‘I’ve been going through a bit of a rough time,’ he said, beginning to walk again, looking at the footpath and kicking stones aside as he went. ‘My marriage is in pieces, as well as my career, and I feel I’m losing my selfconfidence. It’s as if I’m on a slippery slope sliding faster and faster towards a muddy pool at the bottom.’
Fanella’s stomach turned: since when had his marriage been in trouble? She knew this shouldn’t make her feel happy, but suddenly it seemed like there might be some hope. ‘But this is selfish of me,’ she thought, looking at Rod’s tired face. She tried to push away these feelings and instead give him the sympathy of a true friend.
‘I know how you feel,’ she said at last. ‘I was going through a very similar crisis this time last year.’
‘Really?’ Rod was looking at her with desperation in his eyes, as if seeking a reassurance he could find nowhere else. ‘Yes,’ said Fanella.
‘But look at you,’ said Rod. ‘You have a successful career; you’re a strong independent woman; you’re the last person I can imagine with low self-confidence.’
Fanella laughed, remembering the night Steven left her and the awful months when she felt a failure because she couldn’t hold onto a relationship or have a child. She had believed she was the lowest of the low.
‘This time last year,’ she said, ‘my boyfriend left me. We were trying to adopt a child together. He left me for a younger woman. I thought it was the end: the end of my relationship, the end of any hope of having a child, the end of any other potential relationships. But things have changed such a lot since then. You have to remember nothing lasts forever, not the good or the bad, and you have to hold onto yourself. You mustn’t let other people’s opinions affect you.’
‘That’s easy enough with people you don’t respect,’ said Rod, ‘but when your own wife seems to lose faith in you, you wonder whether she’s right.’
‘I haven’t lost faith in you,’ said Fanella at once, realising too late that it sounded as if she was competing with his wife for his affections.
He looked at her. ‘That’s why I feel I can talk to you,’ he said. ‘You always seem so calm, so sure about me. I really appreciate it.’
‘Well,’ said Fanella, suddenly not knowing where to look, ‘it’s because I… I…’ Suddenly she felt as if she had gone so far already, there was no point in holding back any more. ‘I find you so… You were so sensitive with Ellie, and your stories are so good, and I know you’d never hurt any child, and I think you’re beautiful, and clever and I…’ But before she could go any further, she felt his arms go around her and suddenly they were kissing.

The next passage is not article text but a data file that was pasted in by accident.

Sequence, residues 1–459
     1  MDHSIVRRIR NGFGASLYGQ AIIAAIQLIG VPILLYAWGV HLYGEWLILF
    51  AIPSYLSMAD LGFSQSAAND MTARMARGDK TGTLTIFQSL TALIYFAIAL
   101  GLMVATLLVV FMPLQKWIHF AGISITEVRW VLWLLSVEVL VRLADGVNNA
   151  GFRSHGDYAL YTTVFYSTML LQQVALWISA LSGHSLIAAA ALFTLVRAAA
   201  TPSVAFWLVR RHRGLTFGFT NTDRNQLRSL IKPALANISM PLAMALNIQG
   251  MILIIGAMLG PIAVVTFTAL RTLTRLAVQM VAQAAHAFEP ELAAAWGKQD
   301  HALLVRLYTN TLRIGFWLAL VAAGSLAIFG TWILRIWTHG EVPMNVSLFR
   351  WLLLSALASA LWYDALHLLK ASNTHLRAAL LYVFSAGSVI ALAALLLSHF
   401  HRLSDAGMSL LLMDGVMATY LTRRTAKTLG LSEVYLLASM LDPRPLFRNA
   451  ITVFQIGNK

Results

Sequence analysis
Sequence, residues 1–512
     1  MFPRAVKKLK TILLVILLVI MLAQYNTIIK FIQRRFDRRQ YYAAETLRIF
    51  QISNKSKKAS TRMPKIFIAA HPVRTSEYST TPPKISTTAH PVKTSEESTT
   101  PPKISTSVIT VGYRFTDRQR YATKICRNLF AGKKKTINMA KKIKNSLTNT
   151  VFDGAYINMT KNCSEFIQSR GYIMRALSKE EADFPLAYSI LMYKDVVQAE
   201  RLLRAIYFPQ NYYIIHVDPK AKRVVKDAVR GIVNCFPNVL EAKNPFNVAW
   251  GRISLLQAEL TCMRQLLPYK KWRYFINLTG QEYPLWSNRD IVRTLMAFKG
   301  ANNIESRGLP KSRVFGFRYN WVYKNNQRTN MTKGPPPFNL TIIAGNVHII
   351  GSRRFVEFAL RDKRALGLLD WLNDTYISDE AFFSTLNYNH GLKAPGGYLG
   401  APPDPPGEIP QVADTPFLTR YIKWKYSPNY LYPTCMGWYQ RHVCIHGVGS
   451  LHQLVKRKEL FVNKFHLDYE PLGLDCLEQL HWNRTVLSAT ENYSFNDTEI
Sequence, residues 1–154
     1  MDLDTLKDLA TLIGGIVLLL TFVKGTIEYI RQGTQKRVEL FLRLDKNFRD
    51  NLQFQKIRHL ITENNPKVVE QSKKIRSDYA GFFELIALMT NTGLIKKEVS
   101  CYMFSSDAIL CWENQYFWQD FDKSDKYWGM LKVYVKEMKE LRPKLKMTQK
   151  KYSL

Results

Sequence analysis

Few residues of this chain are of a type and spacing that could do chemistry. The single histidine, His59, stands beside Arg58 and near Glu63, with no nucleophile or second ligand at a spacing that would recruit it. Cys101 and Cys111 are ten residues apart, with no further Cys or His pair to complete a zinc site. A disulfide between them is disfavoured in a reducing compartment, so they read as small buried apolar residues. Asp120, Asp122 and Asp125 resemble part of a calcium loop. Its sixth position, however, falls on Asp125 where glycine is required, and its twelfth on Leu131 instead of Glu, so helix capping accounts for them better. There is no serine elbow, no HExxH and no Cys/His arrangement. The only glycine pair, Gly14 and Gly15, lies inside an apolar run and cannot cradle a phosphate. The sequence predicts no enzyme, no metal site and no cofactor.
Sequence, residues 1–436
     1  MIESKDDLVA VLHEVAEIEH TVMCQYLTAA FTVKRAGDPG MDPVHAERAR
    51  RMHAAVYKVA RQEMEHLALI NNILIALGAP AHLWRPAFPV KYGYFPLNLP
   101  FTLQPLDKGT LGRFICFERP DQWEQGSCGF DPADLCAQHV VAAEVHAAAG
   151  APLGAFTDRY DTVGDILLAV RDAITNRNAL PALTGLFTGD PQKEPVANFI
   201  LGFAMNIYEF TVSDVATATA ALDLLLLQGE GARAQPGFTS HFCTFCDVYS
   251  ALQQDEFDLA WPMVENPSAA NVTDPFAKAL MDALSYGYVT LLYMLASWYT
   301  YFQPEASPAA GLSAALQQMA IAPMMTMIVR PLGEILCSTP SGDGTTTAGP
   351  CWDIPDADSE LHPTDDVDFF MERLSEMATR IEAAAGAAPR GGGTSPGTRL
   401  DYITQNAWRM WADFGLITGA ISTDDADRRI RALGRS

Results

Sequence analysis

She could feel the roughness of his chin against her cheek and the softness of his lips on hers. She smelt the warm male smell of his skin and she never wanted him to let her go.
After a few minutes he stood back and looked at her. ‘Thank you,’ he said. ‘I’ve been wanting to do that for a long time.’
Then he took her in his arms once more and they kissed again. The sun came out and warmed their backs. For a short time, it was as if they were in another world where there was nothing but sunshine and blue sky and the warmth of one body against another.
But after a while, Rod stood back. ‘I’d be in even more trouble if any of the parents at school saw me do this,’ he said. ‘We should be careful.’
‘You’re probably right,’ said Fanella. ‘But it’s a shame. It’s what I meant earlier when I said you mustn’t let other people’s opinions affect you.’
Rod looked at her and smiled. ‘I’ve let your opinion affect me,’ he said. ‘It made me kiss you.’
‘Well, good opinions are fine,’ laughed Fanella, ‘but not destructive ones. You have to reject them completely.’
She was burning from the feeling of his kiss and nothing could reduce the feeling of joy that had flooded through her the moment she felt his arms around her. She was lost in the moment and not thinking about realities - like the fact that she was seeing Mark, and the fact that Rod had only just been rejected by his wife and was no doubt looking for reassurance elsewhere.
When they parted, she to go back to the office, he to go home to his failed marriage, Fanella was still feeling as if she was walking on air. Reality would have to be faced but not now. It was not worth spoiling this wonderful moment so soon after experiencing it.